Should we be surprised that there is now both a chick football TV series (Friday Night Lights) and a chick football flick (The Blind Side)? How many women did you see reading the two books these properties were based on?
John Lee Hancock’s adaptation of Michael Lewis’s book about the rise to greatness of Michael Oher, today a left tackle for the Baltimore Ravens, tells the story from the point of view of a brassy Southern interior decorator played by Sandra Bullock.
Bullock plays the sort of no-nonsense gal you’ve seen in a hundred other movies, but she plays the role nicely, tossing off smart one-liners and football analysis with equal flair. At the outset, she is explaining to us (complete with footage of the gruesome bone-snapping Lawrence Taylor sack of Redskins quarterback Joe Theismann that ended the latter’s career in 1985) why a left tackle, who protects a right-handed quarterback’s blind side, is often the second-highest paid player on the team.
Placing this explanation at the start of the film certainly helps the non-football fan understand the stakes of the game — but it also casts a cloud over the entire story about how a wealthy Memphis family, headed by Leigh Anne Tuohy (Bullock) and her husband Sean (Tim McGraw), welcomed into their home a nearly silent, woebegone castaway from a festering Memphis housing project known as Hurt Village. In one poignant scene, the lad (played by newcomer Quinton Aaron) is in a laundry. He washes his few items of clothing in the sink then throws them into someone else’s drying cycle.
The prologue of the film seems to establish that Leigh Anne knows a lot about football. And she does. She and her husband are rabid boosters of Ole Miss. The football coach at the private Christian high school attended by their daughter arranges to get the rules bent so that young Michael, who plainly doesn’t qualify for admission, can join the student body. If all three of these adults didn’t see in Michael a potential athlete, how likely is it that they would take an interest in him? How probable is it that an upscale family would offer up a couch, and meals, and a place by the hearth for a huge, silent, unknown child of a crack-addicted mother if he didn’t have the potential to be the Ole Miss star he eventually became?
To its credit, the film doesn’t pretend these problems don’t exist. In the third act, there is a lot of discussion of the matter, which also brings to bear possible recruitment violations and even some outright lying by the tutor (Kathy Bates) hired to bring Michael up to speed academically. The Bates character, too, is an Ole Miss alum, and she gravely informs her pupil that at Ole Miss rival Tennessee, bones are stored directly under the football field. The scene is played as comedy, but in the film Oher appears to believe her.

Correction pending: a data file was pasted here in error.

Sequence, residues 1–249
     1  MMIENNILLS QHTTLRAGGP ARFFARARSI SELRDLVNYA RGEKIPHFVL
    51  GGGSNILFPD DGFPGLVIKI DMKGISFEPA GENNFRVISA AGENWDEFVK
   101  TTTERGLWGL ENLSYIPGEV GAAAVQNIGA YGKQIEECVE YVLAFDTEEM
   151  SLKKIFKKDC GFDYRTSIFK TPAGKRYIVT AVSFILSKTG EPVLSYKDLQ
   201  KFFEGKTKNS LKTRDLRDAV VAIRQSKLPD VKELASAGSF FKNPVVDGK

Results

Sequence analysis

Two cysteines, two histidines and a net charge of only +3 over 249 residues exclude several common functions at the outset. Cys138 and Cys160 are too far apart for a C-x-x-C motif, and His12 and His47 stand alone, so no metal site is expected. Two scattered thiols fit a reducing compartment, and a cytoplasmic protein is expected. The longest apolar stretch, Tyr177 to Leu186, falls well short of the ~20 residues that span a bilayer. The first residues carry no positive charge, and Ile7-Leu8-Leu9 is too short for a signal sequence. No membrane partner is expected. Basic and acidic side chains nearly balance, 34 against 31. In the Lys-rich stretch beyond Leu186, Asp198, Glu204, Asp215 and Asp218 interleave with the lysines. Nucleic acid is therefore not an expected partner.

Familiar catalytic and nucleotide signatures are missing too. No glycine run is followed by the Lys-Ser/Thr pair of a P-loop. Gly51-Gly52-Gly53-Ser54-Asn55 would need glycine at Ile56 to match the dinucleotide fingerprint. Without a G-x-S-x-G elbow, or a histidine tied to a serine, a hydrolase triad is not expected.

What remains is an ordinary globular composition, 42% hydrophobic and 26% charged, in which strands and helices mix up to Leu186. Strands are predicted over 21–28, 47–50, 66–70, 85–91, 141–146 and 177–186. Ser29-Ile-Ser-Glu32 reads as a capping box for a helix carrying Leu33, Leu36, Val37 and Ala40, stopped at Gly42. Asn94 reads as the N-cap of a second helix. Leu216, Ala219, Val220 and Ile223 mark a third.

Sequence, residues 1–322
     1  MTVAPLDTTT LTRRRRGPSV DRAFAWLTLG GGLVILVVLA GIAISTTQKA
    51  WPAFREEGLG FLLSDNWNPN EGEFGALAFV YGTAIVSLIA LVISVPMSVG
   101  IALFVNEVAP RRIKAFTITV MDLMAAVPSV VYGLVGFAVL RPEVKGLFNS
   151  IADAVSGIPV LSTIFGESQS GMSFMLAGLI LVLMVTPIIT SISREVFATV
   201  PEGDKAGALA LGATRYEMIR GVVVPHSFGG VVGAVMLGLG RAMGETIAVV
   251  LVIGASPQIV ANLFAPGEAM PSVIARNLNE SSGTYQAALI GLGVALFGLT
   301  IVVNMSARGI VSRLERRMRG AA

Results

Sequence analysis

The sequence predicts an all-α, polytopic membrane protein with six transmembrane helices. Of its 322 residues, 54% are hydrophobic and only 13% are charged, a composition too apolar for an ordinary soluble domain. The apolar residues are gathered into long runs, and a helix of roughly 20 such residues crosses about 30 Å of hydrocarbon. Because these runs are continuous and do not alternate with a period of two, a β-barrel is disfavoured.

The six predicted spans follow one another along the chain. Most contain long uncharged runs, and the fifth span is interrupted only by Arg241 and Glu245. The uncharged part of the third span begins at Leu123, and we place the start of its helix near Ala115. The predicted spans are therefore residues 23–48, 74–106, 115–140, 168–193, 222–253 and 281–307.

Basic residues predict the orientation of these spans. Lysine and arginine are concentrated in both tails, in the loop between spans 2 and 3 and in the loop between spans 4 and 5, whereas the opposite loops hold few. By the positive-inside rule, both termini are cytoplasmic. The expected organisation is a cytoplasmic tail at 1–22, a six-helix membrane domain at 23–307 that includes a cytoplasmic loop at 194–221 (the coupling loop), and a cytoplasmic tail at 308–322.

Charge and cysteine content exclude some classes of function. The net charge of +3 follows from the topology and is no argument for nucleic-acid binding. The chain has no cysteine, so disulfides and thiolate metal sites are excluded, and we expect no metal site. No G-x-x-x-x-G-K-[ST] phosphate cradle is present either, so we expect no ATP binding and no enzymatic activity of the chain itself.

It’s a shame, then, that The Blind Side is not the story of a kid with no prospects who managed to make it to the top, but rather an epic of self-congratulation about a white family that essentially made Michael their pet. In a high school football scene, Michael can’t quite figure out what an offensive tackle is supposed to do — until Leigh Anne marches in, swats the coach aside (what coach would allow this?), and briskly explains to Michael that he should pretend the quarterback is — she! Michael would never let anything bad happen to her, would he? He would stop anybody who tried to put a hand on her, right? Well, then: He should just treat the quarterback like his new adoptive mommy. From that moment on, Michael becomes an outstanding football player. But the scene induces cringes. Can Michael have really been so obtuse as not to understand that his job was to protect the quarterback?
The film contains several oddly off-kilter little jabs at conservatives. For instance, Sean Tuouhy, played by Tim McGraw, says it’s odd that his family should have a black son before ever meeting a Democrat, a line seemingly written by the kind of liberal who imagines that Southerners are as cloistered and isolated from opposing viewpoints as residents of Beverly Hills.
In another scene, set at one of those dreary government offices where bored civil servants provide occasional slow-motion service to frustrated citizens, Leigh Anne demands to know who is in charge. The clerk points, in a non-sequitur nonpareil, to a portrait of then-president George W. Bush. No doubt the lines at government offices are now moving as quickly as the ones at McDonald’s. After all, there’s a dynamic liberal in the White House.
Can it be that The Blind Side is overcompensating a bit, making references to the Tuohys being Republicans and razzing Bush, because it is so thoroughly a liberal fantasy? Isn’t the way the Tuohys treat Oher — as their hapless, grateful, willing little saint who does what he’s told instead of a flawed, complex human being with personality and opinions and decisions all his own — the quintessence of how wealthy liberals see poor blacks?